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Community Assessment

peace not violence

Community assessment is a key component in creating effective public health actions in health promotion. Engaging community members in conversations about their environments, development, assets, needs, risks and interest provides the core to address health and social disparities. With a community-based participatory approach, the community is provided a space to voice their concerns, identify conditions and find factors that could be undertaken in order to make a social change. The assessment ultimately engages the researcher with community members as co-investigators in the learning process towards the improvement of conditions and provides a stronger stage for the creation of more effective public health actions and social change.

Evidence of Competence in the Community Assessment

Executive Summary

Background and Purpose

Oakland city residents face high rates of violence that expose them to assaults and physically endangering experiences.  Due to the fact that Fruitvale has the highest concentration of Latinos in Oakland, Latino youth have higher rates of exposure to violence.  Violence is described but not limited to homicides, shootings, assaults, and riots.  All these events cause significant trauma in lives of Latino male youth in Fruitvale. This trauma has internal and external manifestations that cause behavior issues leading to stress, depression anxiety, fear, disruptive behavior and school disengagement, among others. The purpose of this community assessment in collaboration with the Spanish Speaking Citizens' Foundation, is to examine the mental health needs of Latino male youth ages 11-18 who have been affected by violence in Fruitvale, Oakland.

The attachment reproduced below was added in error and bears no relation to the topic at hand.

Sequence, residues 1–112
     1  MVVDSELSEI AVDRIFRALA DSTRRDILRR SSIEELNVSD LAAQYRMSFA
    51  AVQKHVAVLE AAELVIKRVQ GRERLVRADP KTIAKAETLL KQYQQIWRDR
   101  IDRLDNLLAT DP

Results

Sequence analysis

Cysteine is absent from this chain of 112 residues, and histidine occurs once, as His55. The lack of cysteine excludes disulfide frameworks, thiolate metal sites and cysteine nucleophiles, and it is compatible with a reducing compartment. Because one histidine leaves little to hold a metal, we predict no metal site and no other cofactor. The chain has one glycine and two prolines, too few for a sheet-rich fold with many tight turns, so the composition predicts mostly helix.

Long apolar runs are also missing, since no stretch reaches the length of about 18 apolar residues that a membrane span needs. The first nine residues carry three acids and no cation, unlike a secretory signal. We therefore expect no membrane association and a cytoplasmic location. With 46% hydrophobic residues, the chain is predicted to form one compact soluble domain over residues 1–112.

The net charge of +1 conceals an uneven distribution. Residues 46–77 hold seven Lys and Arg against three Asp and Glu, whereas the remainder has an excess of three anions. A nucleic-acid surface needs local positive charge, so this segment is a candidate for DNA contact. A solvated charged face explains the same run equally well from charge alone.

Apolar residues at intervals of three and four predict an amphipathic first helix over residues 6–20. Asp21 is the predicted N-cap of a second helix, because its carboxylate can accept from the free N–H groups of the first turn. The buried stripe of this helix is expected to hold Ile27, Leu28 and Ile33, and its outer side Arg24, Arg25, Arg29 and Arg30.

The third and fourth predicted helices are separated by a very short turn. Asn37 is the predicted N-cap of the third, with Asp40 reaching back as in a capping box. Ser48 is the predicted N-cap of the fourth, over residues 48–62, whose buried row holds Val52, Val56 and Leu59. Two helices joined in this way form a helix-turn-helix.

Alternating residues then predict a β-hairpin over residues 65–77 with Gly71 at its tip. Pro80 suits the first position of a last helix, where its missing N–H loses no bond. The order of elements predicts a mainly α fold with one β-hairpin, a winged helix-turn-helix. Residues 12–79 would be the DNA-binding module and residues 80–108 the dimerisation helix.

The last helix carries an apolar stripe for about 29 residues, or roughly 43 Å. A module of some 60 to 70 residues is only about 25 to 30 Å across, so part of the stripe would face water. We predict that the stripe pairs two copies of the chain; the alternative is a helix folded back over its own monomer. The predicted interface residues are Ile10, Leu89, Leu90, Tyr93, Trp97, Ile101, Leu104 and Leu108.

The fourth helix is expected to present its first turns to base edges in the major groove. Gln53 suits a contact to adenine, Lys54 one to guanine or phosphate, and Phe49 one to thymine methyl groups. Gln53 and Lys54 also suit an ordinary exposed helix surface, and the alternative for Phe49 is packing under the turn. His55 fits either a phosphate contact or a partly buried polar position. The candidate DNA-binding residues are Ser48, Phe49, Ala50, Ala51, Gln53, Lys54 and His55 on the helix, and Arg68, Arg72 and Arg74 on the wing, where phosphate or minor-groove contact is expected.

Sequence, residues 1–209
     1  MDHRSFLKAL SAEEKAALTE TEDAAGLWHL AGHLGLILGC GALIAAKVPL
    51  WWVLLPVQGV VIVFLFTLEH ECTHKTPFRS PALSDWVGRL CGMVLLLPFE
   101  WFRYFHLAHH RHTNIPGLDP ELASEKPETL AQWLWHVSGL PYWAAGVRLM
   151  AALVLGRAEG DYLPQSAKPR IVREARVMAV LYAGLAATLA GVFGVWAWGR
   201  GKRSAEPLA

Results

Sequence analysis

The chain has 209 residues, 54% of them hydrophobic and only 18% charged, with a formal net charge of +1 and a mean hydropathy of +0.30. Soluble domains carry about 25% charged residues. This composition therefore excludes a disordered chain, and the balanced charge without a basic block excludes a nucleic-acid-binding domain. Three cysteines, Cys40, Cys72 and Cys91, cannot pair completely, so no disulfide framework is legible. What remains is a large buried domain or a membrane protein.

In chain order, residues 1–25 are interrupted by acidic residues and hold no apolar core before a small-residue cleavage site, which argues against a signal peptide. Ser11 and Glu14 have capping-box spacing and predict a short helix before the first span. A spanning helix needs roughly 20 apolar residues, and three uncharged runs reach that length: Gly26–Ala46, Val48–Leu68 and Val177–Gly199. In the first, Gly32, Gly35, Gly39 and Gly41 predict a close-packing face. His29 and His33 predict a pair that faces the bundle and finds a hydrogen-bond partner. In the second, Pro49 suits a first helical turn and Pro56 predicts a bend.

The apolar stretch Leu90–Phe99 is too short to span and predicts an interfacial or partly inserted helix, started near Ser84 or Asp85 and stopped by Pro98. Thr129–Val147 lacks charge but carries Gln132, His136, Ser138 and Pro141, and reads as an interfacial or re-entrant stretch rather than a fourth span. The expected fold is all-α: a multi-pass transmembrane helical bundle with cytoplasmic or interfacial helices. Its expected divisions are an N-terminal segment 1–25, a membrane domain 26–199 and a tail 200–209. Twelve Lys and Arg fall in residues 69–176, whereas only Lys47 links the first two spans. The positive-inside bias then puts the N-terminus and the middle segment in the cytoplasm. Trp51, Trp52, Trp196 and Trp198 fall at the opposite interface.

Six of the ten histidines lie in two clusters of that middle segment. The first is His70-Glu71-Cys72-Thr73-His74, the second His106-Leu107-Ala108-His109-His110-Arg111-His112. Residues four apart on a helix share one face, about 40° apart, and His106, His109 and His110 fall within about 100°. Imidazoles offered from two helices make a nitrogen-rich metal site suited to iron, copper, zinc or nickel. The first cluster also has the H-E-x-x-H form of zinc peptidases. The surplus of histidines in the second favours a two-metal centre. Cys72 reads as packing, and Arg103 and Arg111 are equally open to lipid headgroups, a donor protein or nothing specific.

Two methods were used in order to collect qualitative data for this assessment: 1) Three focus groups with 20 Latino male youth ages 11-18 who live or go to school in Fruitvale neighborhood and 2) four key informant interviews with professionals who are employed in the city of Oakland and have extensive experience working with Latino male youth. The data gathered informed the development of findings and recommendations to help SSCF improve their mental health services for Latino males age 11-18 who have been affected by violence.


  1. Stigma is a barrier to accessing mental health services.
  2. Youth experience anxiety, fear and hyper vigilance due to the violence they experience in everyday life.
  3. Differences in access to community and medically based mental health services.
  4. Culturally relevant services and professional development in gang culture are needed.
  5. Youth deal with stress caused by violence by talking to people they trust.
  6. Some youth engage in negative (substance use) and positive (sports) recreational activities to deal with stress.
  7. There are other issues in Latino youth's lives that affect their mental health besides violence.


  1. De-stigmatize mental health through outreach services.
  2. Provide more safe spaces for Latino male youth to maintain positive mental health.
  3. Offer mental health services as part of the Latino male youth's routine in school.
  4. Make requirements to receive mental health services more inclusive and accessible.
  5. Advocate for the increase existing funding for mental health services.

If you would like to read more about our community assessment, please click on the document located in the left-hand sidebar.

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